Back to Assisi, Umbria (Italy): Here's what you do if you want to take the 'wall garden' concept to the max! Install shelves on your outside wall, and pack them tightly with flowerpots. Add some trailing plants to diffuse the effect of straight horizontal lines.
Okay, so you don't really want to go to the length of installing trellis or even shelving up and down your house? I do understand. But how about a single wall planter ... or maybe a few? The ones above, left, are in Tuscany (Italy) and right, in the Marylebone area of London.
Finally, here's an idea for you if you have a little space to the front or side of your house: install a lean-to bower. Use it as a climbing help for roses, train ivy or wild wine over it as they do in France and Italy and Greece, and place some lovely summer seating underneath.
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4. Windowsill Gardens
If it's possible to attach windowboxes below your windows, you have an incredible array of style options. Here are two ideas from central Switzerland.
- (right) Make the windowbox a feature in itself by using color and/or pattern, and it will provide year-round interest.
- (left) Mix decorative objects into your plant display, like these elegant nesting boxes, for a highly personal mini-garden!
It doesn't always have to be a colorful display. Box and similar evergreen shrubs that can be shorn into sculptural shapes will give your windowbox gardens a low-key, 'aristocratic' look.
On the other hand, why not have fun trying a few whacky styles, too! How about this idea from a Cornish fishing village (left): Plant your flowers into colorful vintage teapots! Or mount a painted trellis in front of your window for a splash of color.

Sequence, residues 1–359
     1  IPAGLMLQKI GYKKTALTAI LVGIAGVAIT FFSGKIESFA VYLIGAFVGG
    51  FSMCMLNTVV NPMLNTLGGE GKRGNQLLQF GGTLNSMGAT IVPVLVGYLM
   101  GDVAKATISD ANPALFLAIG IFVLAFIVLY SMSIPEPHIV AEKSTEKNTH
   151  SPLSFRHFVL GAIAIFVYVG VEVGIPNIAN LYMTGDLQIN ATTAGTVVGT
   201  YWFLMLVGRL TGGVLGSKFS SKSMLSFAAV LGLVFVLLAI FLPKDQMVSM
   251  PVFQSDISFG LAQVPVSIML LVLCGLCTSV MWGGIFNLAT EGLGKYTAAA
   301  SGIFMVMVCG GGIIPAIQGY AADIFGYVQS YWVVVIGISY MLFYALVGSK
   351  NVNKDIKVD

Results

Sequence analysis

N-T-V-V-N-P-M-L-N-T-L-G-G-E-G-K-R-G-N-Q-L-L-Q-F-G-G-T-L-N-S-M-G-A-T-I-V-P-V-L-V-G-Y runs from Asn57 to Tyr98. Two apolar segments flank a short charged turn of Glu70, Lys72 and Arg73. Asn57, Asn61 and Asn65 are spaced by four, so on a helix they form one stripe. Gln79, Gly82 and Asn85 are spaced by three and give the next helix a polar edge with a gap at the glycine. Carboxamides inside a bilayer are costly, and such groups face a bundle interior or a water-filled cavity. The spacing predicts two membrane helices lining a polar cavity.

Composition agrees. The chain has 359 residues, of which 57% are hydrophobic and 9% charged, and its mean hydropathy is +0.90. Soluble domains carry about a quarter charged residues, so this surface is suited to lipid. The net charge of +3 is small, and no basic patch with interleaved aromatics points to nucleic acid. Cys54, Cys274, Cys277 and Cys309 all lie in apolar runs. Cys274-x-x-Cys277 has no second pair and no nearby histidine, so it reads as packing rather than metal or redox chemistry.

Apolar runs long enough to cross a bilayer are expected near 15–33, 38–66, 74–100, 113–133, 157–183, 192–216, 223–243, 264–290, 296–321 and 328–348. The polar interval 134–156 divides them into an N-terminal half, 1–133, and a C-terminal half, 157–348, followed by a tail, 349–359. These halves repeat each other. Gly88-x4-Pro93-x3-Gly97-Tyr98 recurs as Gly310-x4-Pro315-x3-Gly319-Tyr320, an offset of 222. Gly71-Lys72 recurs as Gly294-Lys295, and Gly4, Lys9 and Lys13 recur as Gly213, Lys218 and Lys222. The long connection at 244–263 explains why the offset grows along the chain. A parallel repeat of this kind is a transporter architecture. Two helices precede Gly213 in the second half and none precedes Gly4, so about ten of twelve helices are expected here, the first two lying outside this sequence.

When it comes to windows, how small is too small for a flowerpot or a windowbox? At the Lago Maggiore in Italy (photo right), there is no such thing as 'too small'. This tiny window is covered with a rectangle of metal-framed chicken wire that holds not one but two lavish flowerpots in place.
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5. Off-The-Wall Gardens
You can create a great little garden at surprisingly low cost if you recycle all kinds of odd containers into plant 'pots'. Here's an entire balcony vegetable garden full of weird and wonderful planters!
Check out the close-up: Cut-off plastic bottles, drink cartons and old boxes. Those little pink wellies are my favorites, though.
And it gets curiouser and curiouser:
Ahem ... old handbags. Yep. And ... a 'mobile garden' from Amsterdam! Lots of Dutch bikes have a shopping basket with flower adornment (and these flowers are fake, so require zero maintenance!) But I've left the most off-the-wall garden for last:
This one's from Holland, too. And it's not the little guys in the foreground that are the most interesting. You need to look behind them.
Potted garden gnomes! Priceless! (I may have lost you there, huh?)
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DIY Idea: Penny & Nickel Tiling
You may have already come across this craft idea, but I hadn't, so I thought I'd let you know ... this is great! And pennies make extremely cheap tiles, too.
You can use this technique to tile anything from small household & gift items to entire walls and floors, and it will look fantastic:
- box lids
- small tabletops & side tables
- picture & mirror frames
- countertops ...
- ... and so on!
The best DIY instructions are here and here.
Someone also created a bathroom floor out of nickels (which, of course, bumps up the price by a factor of almost 5!)
Here it is:
And that's it for this time! Enjoy the Olympic Games - and 'see' you again on October 1, 2012!
All the best for you & your loved ones,
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Here's to a gorgeous home – yours!
"See" you again on October 1, 2012 -